Camille A. Brown is 1st Black Woman in Decades to Direct and Choreograph Broadway Show

By: Alyssa Wilson

Camille A. Brown is making history as the first Black woman to both direct and choreograph a Broadway show in more than six decades.  

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According to Forbes, Brown will direct For Colored Girls Who Have Considered Suicide/ When The Rainbow is Enuf, debuting in 2022. Although she is no stranger to Broadway choreography, this will be her debut as a director.  


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The show was written by playwright and poet Ntozake Shange and opened on Broadway in 1976. In the production, seven Black women use choreography to share a survival story about what it’s like to live in a sexist and racist society, Forbes reported.  

“It’s an amazing feeling to bring this seminal show back to Broadway 45 years after it opened at the Booth Theatre on September 15, 1976,” Brown said. “I look forward to diving into the divine Ntozake Shange’s choreopoem and celebrating her legacy.”  

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Brown is no stranger to firsts. Her choreography for the production of Choir Boy earned her a Tony nomination in 2019, making her the first Black female choreographer to receive the honor in more than 20 years. Her work in the field has earned her numerous awards, including a Guggenheim Award, Bessie Award, Jacob’s Pillow Dance Award, Doris Duke Artist Award, United States Artists Award, Audelco Awards and Princess Grace Awards.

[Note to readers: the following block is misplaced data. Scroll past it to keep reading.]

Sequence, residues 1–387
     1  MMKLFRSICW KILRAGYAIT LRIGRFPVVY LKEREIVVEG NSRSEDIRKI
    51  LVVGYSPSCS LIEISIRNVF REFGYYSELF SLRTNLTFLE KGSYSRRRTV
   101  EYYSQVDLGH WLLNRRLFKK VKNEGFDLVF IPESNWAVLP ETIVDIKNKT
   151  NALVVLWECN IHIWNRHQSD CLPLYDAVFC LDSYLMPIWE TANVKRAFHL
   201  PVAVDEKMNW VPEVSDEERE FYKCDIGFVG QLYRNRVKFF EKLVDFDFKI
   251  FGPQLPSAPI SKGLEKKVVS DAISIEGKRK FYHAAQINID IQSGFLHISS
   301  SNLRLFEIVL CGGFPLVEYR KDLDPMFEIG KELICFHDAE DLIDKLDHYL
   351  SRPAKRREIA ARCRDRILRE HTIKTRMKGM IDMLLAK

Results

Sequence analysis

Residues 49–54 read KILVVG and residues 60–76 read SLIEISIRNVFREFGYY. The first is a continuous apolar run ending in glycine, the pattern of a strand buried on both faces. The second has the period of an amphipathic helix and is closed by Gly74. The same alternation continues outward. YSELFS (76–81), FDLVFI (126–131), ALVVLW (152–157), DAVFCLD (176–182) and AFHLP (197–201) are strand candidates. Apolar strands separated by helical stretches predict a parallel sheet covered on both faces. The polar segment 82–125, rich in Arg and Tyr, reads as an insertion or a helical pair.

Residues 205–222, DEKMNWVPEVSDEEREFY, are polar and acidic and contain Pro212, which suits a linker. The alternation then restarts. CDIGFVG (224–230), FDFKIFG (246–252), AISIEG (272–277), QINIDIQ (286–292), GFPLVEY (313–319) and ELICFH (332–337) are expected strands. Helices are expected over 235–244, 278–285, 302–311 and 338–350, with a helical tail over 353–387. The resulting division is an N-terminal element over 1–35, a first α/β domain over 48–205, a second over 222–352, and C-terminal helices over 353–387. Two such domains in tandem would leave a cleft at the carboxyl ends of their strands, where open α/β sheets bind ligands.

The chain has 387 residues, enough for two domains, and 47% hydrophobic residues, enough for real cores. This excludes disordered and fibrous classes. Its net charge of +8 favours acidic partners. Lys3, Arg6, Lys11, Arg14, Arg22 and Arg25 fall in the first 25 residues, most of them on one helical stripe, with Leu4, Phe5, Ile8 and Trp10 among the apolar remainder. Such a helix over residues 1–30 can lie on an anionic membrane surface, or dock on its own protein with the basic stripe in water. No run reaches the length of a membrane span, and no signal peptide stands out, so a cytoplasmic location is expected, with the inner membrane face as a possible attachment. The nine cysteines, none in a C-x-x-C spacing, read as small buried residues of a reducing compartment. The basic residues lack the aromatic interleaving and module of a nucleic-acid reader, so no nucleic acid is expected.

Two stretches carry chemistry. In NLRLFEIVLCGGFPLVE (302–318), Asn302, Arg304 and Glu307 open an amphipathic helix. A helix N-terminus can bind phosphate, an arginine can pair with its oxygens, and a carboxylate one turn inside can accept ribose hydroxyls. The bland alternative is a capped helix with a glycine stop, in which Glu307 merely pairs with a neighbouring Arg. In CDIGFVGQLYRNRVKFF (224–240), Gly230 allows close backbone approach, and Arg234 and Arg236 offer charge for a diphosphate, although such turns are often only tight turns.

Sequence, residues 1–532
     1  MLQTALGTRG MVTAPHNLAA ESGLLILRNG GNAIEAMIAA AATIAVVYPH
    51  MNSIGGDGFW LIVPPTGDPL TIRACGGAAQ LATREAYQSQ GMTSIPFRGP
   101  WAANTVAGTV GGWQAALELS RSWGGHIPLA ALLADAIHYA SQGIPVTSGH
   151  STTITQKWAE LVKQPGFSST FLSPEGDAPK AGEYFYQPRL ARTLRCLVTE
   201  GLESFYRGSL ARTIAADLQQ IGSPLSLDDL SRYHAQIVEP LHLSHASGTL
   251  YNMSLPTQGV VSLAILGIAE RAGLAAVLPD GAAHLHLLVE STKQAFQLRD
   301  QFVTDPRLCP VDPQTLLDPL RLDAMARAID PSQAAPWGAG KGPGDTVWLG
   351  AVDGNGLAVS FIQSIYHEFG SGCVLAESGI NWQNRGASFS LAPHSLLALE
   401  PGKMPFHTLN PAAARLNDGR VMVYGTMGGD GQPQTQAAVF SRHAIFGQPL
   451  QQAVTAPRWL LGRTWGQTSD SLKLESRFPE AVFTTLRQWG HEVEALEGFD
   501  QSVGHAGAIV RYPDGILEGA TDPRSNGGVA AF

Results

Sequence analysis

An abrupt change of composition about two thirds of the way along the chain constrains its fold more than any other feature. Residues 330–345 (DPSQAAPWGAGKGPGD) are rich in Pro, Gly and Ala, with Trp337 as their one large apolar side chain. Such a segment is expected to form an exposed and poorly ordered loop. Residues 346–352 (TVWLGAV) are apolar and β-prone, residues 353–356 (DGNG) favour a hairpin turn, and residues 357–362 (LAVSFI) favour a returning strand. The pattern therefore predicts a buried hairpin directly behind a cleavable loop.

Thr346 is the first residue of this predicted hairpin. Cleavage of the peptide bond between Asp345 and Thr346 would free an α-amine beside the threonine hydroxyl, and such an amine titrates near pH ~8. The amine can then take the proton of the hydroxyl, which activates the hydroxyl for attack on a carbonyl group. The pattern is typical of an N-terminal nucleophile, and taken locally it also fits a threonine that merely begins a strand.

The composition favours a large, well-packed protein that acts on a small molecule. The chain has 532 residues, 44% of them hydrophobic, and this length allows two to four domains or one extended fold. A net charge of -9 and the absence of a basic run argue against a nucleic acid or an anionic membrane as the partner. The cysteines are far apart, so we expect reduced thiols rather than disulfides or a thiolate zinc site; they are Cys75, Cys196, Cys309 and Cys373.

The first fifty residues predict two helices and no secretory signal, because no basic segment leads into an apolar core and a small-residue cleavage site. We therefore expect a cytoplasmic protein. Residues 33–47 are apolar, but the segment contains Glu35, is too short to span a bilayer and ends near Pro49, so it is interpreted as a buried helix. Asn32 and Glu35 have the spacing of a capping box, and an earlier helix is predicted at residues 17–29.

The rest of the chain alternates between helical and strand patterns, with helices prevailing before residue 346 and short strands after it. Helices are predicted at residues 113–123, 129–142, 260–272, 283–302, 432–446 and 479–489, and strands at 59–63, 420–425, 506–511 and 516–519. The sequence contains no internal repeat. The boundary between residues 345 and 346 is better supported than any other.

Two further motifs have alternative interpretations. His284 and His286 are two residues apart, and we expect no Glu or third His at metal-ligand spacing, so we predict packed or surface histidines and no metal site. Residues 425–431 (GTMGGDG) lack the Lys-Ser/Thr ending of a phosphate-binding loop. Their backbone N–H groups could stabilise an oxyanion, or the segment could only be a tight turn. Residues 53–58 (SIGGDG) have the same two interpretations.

Ron Simmons, a producer on the production, reflected on what working with Brown means to him. “It is an honor to help usher the return of Ntozake Shange’s groundbreaking work to Broadway under the direction and choreography of Camille A. Brown, who is herself blazing a new path on Broadway as the first Black woman in more than 65 years taking on this dual role,” he said. “I am quite confident that the ancestors and Ntozake’s spirits are lifted.”  

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If you or someone you know is struggling from trauma triggered by this story, resources are available here. 

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